HAWAII VOLCANOES NATIONAL PARK, Hawaii: Volcano scientists reported continued activity on the coastal plain and a lava pond in Pu’u ‘Ō’ō this weekend.
This video was released by the USGS Hawaiian Volcano Observatory on Friday. A small lava pond, set within a collapse pit, has been active in the eastern portion of Pu’u ‘Ō’o crater for the past several weeks. At the east margin of the lava pond, lava sinks back into the system, with frequent spatter bursts sourced from this downwelling spot.
Flows were spread across a broad expanse on the coastal plain, and continue to slowly advance towards the ocean, but have made only minor progress over the past week. This image combines a thermal image with a normal photograph, with the bright yellow areas showing active breakouts and red/purple areas showing warm, but inactive, flow areas. The numerous fume sources on the pali mark the path of the lava tube in Royal Gardens subdivision. Compare this image to a similar one acquired on April 5.
In this photo, an HVO geologist is seen using a rock hammer to take a sample of an active pāhoehoe toe.Regular geochemical analyses of these samples provides insight on the changing magmatic plumbing system.
The latest from the Kilauea Update section on the USGS HVO website:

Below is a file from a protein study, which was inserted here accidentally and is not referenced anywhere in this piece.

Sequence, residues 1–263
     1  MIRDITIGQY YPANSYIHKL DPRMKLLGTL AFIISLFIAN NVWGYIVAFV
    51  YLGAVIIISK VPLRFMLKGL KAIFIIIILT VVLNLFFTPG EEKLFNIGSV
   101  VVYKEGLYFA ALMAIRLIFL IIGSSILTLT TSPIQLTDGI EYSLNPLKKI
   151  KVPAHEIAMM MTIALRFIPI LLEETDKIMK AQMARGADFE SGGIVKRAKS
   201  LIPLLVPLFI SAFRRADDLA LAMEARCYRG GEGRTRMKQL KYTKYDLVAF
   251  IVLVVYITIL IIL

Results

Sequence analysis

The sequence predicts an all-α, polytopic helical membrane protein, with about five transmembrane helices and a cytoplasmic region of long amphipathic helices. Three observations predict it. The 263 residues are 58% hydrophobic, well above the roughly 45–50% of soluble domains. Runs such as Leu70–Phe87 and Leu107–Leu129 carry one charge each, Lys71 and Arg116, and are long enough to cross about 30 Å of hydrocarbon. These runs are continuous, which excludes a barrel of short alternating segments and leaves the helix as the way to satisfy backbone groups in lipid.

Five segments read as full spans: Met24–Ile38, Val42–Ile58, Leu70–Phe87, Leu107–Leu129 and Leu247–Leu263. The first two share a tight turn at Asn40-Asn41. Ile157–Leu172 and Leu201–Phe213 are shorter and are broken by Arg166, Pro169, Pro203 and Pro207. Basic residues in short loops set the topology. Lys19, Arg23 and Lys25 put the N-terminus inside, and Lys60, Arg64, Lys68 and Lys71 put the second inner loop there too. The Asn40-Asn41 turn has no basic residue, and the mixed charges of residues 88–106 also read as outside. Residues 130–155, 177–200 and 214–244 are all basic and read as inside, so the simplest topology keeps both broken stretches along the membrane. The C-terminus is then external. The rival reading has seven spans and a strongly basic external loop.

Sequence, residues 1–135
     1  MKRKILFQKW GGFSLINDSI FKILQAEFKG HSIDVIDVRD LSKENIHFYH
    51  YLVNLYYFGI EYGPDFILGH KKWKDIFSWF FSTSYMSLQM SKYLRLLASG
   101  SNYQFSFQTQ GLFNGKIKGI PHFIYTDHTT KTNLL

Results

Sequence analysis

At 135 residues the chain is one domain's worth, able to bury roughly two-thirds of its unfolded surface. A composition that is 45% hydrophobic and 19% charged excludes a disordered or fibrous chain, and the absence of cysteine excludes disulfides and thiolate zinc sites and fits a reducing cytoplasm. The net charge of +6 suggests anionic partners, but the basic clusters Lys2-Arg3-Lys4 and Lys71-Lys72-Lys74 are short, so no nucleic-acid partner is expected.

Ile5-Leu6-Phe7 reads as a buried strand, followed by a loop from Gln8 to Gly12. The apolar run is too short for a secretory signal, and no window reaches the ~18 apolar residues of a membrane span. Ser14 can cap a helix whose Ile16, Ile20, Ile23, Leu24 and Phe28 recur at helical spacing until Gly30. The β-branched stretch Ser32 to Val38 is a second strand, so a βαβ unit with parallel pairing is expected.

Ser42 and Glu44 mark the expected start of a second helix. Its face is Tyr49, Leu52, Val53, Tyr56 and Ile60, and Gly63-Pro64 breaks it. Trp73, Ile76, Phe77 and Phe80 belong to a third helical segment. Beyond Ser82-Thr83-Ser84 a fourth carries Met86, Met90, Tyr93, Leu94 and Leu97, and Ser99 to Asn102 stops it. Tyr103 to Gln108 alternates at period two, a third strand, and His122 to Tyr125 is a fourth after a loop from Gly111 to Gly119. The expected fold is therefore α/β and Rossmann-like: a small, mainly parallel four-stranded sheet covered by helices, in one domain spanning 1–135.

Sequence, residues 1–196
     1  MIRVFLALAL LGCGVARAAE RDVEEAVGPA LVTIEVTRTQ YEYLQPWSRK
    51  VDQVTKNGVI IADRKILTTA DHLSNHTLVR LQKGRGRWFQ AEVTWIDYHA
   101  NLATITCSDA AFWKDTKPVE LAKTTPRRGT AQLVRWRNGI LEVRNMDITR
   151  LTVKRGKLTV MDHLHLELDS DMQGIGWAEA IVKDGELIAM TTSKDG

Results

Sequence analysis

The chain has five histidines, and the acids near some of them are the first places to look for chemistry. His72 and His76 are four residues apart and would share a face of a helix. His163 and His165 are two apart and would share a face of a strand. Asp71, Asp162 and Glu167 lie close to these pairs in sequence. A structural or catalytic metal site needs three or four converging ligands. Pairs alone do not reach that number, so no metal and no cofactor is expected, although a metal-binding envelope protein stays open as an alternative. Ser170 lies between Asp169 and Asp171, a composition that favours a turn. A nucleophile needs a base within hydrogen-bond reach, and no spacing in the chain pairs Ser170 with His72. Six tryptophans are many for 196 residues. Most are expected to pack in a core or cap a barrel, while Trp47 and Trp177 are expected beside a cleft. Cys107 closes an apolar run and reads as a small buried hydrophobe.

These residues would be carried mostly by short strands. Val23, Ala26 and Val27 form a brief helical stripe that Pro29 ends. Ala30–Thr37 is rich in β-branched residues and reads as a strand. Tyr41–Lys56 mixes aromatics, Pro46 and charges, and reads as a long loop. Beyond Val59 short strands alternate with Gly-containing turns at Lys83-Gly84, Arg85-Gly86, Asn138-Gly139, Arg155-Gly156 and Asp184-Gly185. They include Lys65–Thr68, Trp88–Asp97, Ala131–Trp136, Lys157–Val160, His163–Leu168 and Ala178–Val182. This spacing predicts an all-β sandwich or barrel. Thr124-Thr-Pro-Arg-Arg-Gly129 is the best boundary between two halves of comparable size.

Activity Summary for past 24 hours: The summit continued to inflate slowly while back-to-back DI events and sympathetic summit lava lake level fluctuations continued. Glow from the summit lava lake was visible within the Halema`uma`u gas plume and was episodically quite bright during the most recent high lava stand early this morning. At Pu`u `O`o, glow persisted from the usual sources within Pu`u `O`o crater. To the southeast, surface flows continued to spread on the coastal plain but there was no ocean entry. Seismic tremor levels were low; gas emissions were elevated.
Past 24 hours at Kilauea summit: Two dramatic high lava stands occurred between 2 and 7 pm yesterday with the lava lake levels rising above and swamping most of the inner ledge before receding each time. DI deflation started at 7:10 pm last night but the lava lake surface did not drop; instead, it stayed stable and abruptly rose a third time for a high lava stand between 2 and 4 am this morning before returning to the same stable level. The most recent (preliminary) sulfur dioxide emission rate measurement was 400 tonnes/day on March 29, 2012.
Since mid-October 2011, the summit GPS network recorded ~1 cm/mo extension indicating continuing long-term summit inflation. Seismic tremor levels remained low. Six earthquakes were strong enough to be located beneath Kilauea volcano: 2 within the lower southwest rift zone, 1 deep quake within the Ka`oiki Pali area to the west of the summit, and 3 scattered on south flank faults.
Background: The summit lava lake is deep within a ~160 m (520 ft) diameter cylindrical vent with nearly vertical sides inset within the east wall and floor of Halema`uma`u Crater. Its level fluctuates from about 70 m to more than 150 m (out of sight) below the floor of Halema`uma`u Crater. The vent has been mostly active since opening with a small explosive event on March 19, 2008. Most recently, the lava level of the lake has remained below an inner ledge (70 m or 230 ft below the floor of Halema`uma`u Crater in April, 2012) and responded to summit tilt changes with the lake receding during deflation and rising during inflation.